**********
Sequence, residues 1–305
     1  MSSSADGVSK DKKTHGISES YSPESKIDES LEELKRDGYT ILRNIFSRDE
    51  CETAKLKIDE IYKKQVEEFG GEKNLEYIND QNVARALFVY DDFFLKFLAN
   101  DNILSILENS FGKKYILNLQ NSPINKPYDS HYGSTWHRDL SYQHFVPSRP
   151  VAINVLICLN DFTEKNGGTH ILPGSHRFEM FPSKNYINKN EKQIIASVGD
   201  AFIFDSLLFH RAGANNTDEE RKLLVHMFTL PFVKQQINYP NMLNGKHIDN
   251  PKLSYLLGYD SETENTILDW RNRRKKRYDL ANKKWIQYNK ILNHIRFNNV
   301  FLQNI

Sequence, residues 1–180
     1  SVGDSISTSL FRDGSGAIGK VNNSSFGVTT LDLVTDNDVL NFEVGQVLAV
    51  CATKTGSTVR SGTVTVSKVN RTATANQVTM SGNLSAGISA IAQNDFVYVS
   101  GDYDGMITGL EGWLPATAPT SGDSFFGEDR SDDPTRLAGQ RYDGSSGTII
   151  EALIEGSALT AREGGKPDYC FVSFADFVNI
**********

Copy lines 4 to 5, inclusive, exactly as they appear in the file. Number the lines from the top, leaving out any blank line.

   101  DNILSILENS FGKKYILNLQ NSPINKPYDS HYGSTWHRDL SYQHFVPSRP
   151  VAINVLICLN DFTEKNGGTH ILPGSHRFEM FPSKNYINKN EKQIIASVGD